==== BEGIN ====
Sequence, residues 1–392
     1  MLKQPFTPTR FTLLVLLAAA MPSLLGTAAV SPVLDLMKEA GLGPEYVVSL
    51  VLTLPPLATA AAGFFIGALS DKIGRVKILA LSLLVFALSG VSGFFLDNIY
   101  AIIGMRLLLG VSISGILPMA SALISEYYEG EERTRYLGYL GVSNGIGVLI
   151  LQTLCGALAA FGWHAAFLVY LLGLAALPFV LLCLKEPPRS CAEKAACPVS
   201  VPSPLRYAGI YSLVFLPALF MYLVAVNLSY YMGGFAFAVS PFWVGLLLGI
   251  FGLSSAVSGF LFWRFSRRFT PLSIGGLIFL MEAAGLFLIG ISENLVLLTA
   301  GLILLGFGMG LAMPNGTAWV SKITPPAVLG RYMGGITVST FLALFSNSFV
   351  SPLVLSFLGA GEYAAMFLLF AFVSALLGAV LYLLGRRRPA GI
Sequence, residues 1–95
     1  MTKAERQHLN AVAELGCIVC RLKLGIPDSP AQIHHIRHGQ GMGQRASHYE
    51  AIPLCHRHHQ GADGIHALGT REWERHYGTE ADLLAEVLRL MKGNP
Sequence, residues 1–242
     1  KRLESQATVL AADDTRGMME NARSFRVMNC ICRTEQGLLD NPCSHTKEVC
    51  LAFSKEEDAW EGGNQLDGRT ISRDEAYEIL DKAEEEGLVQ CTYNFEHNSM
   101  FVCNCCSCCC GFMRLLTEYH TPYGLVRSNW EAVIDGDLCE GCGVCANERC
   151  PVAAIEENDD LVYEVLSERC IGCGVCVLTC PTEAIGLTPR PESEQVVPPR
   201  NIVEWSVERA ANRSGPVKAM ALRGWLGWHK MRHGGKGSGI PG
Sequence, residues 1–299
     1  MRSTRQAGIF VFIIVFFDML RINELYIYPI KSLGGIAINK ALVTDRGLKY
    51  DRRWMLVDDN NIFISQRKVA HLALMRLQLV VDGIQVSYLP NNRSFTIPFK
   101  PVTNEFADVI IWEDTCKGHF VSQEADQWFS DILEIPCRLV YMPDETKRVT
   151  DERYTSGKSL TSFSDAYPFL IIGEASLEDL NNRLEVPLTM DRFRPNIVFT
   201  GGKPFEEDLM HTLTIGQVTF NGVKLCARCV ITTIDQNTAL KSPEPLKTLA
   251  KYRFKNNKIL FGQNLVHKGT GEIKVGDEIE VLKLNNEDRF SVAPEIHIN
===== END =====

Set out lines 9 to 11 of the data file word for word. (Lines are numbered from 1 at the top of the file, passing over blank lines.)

   351  SPLVLSFLGA GEYAAMFLLF AFVSALLGAV LYLLGRRRPA GI
Sequence, residues 1–95
     1  MTKAERQHLN AVAELGCIVC RLKLGIPDSP AQIHHIRHGQ GMGQRASHYE